One aspect of debug productivity is how easily a user
can use the debugging infrastructure provided. Another
aspect is how long it takes to get the data to start the
debug. In applications where users can control the
clocks, the Veloce standard visibility model gives full


Veloce supports multiple GUIs for ease-of-use for the

customer during debug. Veloce supports the Questa
GUI and also supports Debussy for post-process debug.

Veloce is architected to deliver a simulation-like

interactive debug environment. The emulator has
dedicated built-in hardware infrastructure to provide
100 percent visibility, trigger system, and line break
points. These resources are outside the user logic,
which means there is no impact on gate capacity and
performance by enabling these debug features. Unlike
Veloce, for custom processor-based solutions, debug
and visibility are driven from processor instructions
meaning it comes from user gates and impacts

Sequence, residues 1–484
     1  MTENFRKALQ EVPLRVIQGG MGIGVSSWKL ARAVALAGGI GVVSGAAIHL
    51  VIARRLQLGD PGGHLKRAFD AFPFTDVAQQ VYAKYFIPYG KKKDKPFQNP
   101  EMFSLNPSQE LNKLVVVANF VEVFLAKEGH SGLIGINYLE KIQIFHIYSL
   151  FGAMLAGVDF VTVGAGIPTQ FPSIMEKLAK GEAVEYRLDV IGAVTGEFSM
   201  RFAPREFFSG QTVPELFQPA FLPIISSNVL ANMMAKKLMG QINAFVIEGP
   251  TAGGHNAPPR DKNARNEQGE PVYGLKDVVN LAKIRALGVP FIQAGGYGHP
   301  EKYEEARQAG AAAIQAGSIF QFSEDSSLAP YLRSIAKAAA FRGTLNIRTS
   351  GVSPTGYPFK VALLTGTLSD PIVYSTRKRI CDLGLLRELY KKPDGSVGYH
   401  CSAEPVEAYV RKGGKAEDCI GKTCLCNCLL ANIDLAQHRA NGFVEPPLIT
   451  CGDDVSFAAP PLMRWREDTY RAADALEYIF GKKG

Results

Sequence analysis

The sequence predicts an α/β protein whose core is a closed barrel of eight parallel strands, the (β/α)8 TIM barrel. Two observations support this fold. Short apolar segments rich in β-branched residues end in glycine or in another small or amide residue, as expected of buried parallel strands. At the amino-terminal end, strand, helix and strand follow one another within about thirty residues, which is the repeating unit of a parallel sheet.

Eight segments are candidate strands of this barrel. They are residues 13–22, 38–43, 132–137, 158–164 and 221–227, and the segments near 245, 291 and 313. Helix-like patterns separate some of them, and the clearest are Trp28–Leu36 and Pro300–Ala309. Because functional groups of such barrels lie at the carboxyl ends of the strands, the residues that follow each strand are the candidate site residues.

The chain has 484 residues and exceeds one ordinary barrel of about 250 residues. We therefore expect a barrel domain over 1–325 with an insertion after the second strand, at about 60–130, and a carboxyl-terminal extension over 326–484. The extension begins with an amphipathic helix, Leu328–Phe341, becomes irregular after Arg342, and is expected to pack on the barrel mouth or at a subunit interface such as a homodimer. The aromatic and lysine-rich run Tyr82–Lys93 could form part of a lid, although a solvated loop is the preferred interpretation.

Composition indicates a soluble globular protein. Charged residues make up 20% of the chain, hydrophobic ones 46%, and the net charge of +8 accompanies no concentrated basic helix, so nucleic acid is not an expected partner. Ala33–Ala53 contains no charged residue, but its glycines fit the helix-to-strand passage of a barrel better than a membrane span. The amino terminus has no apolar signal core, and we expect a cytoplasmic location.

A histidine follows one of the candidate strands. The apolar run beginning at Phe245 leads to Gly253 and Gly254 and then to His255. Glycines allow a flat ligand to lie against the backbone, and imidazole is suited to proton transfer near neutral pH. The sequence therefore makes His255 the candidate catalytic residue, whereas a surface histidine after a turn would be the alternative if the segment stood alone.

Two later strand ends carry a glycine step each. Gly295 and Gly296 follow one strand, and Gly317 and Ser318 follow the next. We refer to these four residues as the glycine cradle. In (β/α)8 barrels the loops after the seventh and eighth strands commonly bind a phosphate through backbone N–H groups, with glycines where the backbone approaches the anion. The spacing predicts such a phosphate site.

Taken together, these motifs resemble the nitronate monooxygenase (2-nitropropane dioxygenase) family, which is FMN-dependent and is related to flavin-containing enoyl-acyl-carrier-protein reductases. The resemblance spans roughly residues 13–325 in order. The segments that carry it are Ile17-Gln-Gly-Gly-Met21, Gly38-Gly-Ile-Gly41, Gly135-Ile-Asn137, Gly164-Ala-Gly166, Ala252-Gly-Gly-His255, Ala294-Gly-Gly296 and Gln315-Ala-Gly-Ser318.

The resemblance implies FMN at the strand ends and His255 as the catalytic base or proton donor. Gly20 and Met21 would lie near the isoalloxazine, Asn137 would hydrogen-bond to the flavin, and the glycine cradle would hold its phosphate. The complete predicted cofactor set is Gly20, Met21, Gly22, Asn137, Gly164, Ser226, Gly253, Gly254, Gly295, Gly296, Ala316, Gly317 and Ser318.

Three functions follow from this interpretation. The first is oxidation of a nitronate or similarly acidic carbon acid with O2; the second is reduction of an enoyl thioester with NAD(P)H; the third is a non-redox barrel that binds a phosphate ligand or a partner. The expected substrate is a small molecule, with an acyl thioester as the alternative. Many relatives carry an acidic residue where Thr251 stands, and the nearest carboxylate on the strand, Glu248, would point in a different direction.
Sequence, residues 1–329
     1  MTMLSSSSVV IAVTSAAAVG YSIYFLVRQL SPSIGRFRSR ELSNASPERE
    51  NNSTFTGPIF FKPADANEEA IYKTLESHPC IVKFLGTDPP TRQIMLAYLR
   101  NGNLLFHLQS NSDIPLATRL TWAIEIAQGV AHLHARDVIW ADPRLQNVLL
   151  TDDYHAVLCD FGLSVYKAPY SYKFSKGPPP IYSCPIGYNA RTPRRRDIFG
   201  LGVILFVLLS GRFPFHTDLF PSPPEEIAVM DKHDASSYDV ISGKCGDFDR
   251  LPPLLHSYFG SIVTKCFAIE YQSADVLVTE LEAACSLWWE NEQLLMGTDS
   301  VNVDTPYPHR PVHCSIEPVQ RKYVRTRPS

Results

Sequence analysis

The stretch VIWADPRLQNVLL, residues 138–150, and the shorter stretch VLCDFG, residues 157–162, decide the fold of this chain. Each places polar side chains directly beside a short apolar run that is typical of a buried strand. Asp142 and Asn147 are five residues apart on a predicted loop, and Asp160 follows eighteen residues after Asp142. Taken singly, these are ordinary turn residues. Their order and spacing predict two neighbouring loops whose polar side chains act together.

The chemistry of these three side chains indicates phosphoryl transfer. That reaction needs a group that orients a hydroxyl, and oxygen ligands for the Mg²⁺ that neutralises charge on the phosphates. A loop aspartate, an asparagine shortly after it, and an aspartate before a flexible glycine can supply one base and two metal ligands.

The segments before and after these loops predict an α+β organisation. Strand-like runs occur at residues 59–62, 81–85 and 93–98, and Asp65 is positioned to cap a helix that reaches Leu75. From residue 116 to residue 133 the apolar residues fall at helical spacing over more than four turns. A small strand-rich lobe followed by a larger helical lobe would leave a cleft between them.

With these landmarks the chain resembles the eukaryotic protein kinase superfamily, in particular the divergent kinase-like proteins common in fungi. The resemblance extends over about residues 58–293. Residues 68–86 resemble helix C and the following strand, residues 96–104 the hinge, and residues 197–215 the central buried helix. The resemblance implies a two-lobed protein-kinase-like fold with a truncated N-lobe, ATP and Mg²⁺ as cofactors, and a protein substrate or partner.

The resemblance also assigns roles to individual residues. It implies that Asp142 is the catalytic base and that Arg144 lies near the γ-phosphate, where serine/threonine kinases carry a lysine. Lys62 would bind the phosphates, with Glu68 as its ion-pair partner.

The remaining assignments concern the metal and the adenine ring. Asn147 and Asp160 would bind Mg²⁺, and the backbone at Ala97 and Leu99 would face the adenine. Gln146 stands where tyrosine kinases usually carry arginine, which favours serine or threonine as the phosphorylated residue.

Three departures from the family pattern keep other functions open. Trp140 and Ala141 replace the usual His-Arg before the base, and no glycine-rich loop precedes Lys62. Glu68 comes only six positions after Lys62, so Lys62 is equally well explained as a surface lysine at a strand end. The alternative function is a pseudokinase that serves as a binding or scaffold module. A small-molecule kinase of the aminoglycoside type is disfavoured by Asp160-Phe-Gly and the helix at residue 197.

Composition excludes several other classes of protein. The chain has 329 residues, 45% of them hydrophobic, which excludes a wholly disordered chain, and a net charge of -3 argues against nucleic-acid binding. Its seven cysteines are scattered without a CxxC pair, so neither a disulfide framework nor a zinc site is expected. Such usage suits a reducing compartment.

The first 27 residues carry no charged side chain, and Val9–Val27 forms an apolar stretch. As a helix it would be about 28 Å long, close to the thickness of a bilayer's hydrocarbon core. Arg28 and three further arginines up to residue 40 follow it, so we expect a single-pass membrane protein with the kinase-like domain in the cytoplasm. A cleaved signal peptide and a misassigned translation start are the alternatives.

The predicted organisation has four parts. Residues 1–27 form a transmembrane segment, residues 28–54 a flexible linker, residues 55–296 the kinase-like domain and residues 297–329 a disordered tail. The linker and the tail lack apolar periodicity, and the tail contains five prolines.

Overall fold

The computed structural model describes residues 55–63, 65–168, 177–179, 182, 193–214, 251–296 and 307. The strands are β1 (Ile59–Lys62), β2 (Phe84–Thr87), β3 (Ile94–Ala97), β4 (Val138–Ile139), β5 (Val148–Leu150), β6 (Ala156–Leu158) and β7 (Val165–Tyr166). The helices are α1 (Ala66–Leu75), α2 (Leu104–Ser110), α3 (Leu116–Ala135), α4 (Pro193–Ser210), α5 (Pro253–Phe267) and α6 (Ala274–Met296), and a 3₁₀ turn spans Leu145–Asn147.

performance and capacity.

on the user selected signals within user specified time

In addition, the store ON and OFF feature allows users
to filter the data that goes into the hardware trace buffers,
which makes efficient use of these trace buffers. This
feature becomes very important for environments with
dynamic targets, where clocks cannot be stopped and
the user is interested in an activity that is highly
infrequent. For example, if a user is interested in
memory read cycles and memory read cycles occur
only once every 50K cycles, then this feature is very
useful to filter out unwanted data.